Study Examines Change in Forests in Response to Global Warming

Along with the changing climate, the world’s forests are also changing. Right from the Blue Ridge forest of Appalachia to the misty redwoods in the west, several sylvan ecosystems are acclimatizing to drier environments.

The warm sunshine streams through the canopies of two blue oaks in central California. Image Credit: Leander Anderegg.

With the help of the U.S. Forest Service Forest Inventory and Analysis database, scientists from the University of Utah, UC Santa Barbara, and the U.S. Forest Service have analyzed how the characteristics of tree communities are changing across the contiguous United States.

Reported in the Proceedings of the National Academy of Sciences journal, the study results specify that communities, mainly in more dry regions, are turning out to be more drought-tolerant, mainly via the death of less sturdy trees.

To comprehend the factors that could be triggering changes in the forests’ ability to handle climate change, the researchers looked at two major physiological traits—the average tolerance of a species to water stress and how close this was to its highest tolerance (fundamentally, the amount of wiggle room available in the species when handling water stress).

We basically put a number on what species composition means in terms of their ability to deal with water stress.

Anna Trugman, Study Lead Author and Assistant Professor, Department of Geography, University of California, Santa Barbara

Luckily for the researchers, the U.S. Department of Agriculture monitors tree size, species, as well as abundance in over 160,000 forest plots that are randomly spread across the country. Furthermore, the U.S. Forest Service Forest Inventory and Analysis database contains more than 200 different kinds of ecosystems, spanning from cypress swamps to dry pinyon pine forests, and the temperate rainforests of the Pacific Northwest to the Atlantic hardwood forests.

Trugman and her collaborators matched the traits they were fascinated with, to the abundance of species in these plots. They subsequently utilized this to estimate a weighted average value for the community of trees present in each plot, which basically matched with the community’s drought tolerance.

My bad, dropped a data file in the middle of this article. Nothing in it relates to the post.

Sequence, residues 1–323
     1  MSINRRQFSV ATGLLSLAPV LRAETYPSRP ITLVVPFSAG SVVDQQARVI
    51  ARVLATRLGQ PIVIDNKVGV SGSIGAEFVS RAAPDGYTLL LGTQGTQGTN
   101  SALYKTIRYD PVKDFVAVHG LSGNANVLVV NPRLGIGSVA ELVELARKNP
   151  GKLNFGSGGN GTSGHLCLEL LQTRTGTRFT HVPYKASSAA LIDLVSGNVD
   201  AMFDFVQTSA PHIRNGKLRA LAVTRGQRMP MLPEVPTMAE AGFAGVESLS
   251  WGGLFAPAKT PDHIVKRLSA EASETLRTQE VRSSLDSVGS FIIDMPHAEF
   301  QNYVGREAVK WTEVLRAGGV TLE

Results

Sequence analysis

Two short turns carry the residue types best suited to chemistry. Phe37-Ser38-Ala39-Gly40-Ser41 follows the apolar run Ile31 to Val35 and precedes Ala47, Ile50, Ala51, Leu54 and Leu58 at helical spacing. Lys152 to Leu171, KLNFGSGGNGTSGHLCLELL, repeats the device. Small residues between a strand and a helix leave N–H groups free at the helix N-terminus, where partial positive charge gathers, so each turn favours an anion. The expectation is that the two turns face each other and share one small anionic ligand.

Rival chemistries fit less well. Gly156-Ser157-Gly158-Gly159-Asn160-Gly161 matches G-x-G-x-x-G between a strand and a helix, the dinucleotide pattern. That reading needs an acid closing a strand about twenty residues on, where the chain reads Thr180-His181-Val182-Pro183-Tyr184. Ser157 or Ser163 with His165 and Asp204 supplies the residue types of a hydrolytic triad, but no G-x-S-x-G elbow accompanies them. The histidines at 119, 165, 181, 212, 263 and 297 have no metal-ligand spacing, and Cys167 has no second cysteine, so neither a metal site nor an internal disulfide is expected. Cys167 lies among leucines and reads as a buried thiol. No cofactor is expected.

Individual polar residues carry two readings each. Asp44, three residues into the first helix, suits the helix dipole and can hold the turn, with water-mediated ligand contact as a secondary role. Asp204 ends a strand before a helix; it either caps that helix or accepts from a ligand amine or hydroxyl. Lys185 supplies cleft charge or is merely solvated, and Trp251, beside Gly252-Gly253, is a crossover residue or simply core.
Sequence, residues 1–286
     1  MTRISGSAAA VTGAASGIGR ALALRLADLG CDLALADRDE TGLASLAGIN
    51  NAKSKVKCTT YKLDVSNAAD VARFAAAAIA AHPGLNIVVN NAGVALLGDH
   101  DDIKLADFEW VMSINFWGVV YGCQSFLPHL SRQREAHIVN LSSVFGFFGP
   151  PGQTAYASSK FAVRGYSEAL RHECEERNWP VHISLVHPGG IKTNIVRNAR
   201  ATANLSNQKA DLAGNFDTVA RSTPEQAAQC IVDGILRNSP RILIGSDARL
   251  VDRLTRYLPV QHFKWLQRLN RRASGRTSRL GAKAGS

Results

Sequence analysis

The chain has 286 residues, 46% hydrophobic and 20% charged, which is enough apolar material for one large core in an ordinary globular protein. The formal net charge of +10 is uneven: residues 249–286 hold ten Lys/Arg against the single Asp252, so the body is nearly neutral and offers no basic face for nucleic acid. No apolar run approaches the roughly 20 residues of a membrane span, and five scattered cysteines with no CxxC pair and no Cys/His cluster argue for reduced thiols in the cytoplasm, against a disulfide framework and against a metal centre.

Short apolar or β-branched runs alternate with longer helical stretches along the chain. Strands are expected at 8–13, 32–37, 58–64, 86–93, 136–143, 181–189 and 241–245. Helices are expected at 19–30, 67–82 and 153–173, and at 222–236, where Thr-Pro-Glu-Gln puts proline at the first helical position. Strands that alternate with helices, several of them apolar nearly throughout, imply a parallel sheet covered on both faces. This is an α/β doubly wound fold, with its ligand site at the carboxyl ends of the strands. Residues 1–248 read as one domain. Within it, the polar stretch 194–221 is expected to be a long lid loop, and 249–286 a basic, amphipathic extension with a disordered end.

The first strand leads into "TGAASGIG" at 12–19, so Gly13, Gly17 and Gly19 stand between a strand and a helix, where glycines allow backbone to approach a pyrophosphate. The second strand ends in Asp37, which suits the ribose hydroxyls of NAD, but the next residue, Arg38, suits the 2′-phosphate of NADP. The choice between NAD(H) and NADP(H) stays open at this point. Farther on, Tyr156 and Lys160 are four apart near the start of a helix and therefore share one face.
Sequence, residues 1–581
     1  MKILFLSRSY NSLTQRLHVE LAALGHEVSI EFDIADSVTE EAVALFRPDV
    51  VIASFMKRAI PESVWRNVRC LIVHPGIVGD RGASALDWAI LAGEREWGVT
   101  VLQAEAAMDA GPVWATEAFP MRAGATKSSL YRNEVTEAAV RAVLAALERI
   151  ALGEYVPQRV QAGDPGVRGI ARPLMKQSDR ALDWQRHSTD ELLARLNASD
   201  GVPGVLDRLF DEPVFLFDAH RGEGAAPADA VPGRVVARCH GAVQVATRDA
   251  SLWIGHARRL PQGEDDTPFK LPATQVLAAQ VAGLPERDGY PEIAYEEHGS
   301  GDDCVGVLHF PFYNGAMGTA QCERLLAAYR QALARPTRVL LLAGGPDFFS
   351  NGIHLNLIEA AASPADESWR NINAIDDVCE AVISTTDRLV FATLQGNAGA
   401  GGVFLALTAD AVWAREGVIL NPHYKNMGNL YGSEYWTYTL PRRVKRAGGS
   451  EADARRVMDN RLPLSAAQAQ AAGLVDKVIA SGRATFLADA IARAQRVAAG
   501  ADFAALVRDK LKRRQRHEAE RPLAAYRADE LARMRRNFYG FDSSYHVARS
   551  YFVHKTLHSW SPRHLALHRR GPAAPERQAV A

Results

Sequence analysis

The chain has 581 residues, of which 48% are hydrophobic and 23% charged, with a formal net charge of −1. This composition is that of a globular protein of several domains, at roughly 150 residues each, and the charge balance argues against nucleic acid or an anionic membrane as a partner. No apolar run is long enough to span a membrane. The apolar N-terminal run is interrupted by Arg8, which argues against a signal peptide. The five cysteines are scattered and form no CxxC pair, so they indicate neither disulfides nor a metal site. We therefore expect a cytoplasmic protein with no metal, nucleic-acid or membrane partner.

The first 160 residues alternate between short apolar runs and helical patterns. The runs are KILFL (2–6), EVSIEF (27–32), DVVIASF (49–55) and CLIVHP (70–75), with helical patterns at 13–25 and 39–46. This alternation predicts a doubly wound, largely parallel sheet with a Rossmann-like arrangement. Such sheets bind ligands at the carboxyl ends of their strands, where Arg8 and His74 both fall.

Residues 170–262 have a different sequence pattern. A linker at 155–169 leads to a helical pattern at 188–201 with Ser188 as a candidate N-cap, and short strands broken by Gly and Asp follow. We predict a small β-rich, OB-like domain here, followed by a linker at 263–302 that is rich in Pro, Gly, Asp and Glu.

These plots are surveyed every 5 to 10 years, and thus, the scientists could monitor the changes in the composition of community traits and associate these with tree mortality, climate, and recruitment.

A community can turn into a more drought-tolerant one in two ways: More resilient trees can grow more rapidly or less robust trees can die. Both result in a community that is hardier in general.

Trugman learned that it was mainly the death of less hardy trees that triggered the shifts toward greater drought tolerance, although she observed that the impacts of sapling recruitment have been less obvious over such a short time span.

Trugman also observed that the possibility of traits in a specified plot did not automatically match with the number of species present. “You don’t necessarily have a larger range in strategies if you have more species,” she added.

For example, the eastern United States does not undergo regular drought stress as much as its western counterpart, but it has comparatively high species diversity. Therefore, a majority of the trees have analogous strategies to handle water stress.

By contrast, in the Southwest, species that live together have a variety of strategies to deal with drought, regardless of many plots having comparatively low species diversity in general.

Researchers can benefit from maps of plant traits because these inform the models that predict how the landscape is impacted by climate change, explained Trugman. The trait maps allow scientists to evaluate the mismatch between the community’s present trait composition and climate suitability.

Trugman’s research refers to this variation in a community’s traits as the “trait velocity.” In other words, the faster the change, the quicker the velocity. Likewise, researchers who analyze the change in the climatic conditions of the area describe the change over time as the “climate velocity.”

Intuitively, the two rates should be connected, with ecosystems and communities shifting to adapt to the region’s changing climate.

But you could actually have a mismatch between these two. Your trait velocity could be much slower than your climate velocity, in which case the trees in that particular location are not going to be very suitable for the new climate.

Anna Trugman, Study Lead Author and Assistant Professor, Department of Geography, University of California, Santa Barbara

This means, the trees may be enduring for now, but they will not be reproducing or growing.

Researchers may not be likely to see a shift in traits at all, Trugman observed. And while this may appear to be more optimistic, in reality, it would suggest that something was stopping the communities from adapting—maybe a loss of genetic or species diversity, or merely the lack of more hardy species nearby that can give seeds.

Conversely, Trugman noticed expedited trait velocities in drier regions. This research was the first pass; she is now planning to additionally examine the association between climate velocities and trait in upcoming studies.

Generally, the results show that forests are changing to communities that can handle greater average water stress and also more inconsistency in water stress. This should protect forests against some of the impacts of climate change, at least in the near future, stated Trugman.

Ultimately, we want to put trait velocities and climate velocities in some comparable context to understand how mismatches between the two will affect our forests.

Anna Trugman, Study Lead Author and Assistant Professor, Department of Geography, University of California, Santa Barbara


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